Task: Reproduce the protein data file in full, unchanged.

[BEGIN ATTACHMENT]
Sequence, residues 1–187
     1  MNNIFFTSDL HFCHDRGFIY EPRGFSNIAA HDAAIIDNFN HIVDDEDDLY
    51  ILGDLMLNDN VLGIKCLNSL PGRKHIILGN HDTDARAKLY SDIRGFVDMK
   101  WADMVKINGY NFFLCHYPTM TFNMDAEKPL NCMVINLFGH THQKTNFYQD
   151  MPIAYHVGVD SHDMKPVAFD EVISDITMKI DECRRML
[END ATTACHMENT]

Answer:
Sequence, residues 1–187
     1  MNNIFFTSDL HFCHDRGFIY EPRGFSNIAA HDAAIIDNFN HIVDDEDDLY
    51  ILGDLMLNDN VLGIKCLNSL PGRKHIILGN HDTDARAKLY SDIRGFVDMK
   101  WADMVKINGY NFFLCHYPTM TFNMDAEKPL NCMVINLFGH THQKTNFYQD
   151  MPIAYHVGVD SHDMKPVAFD EVISDITMKI DECRRML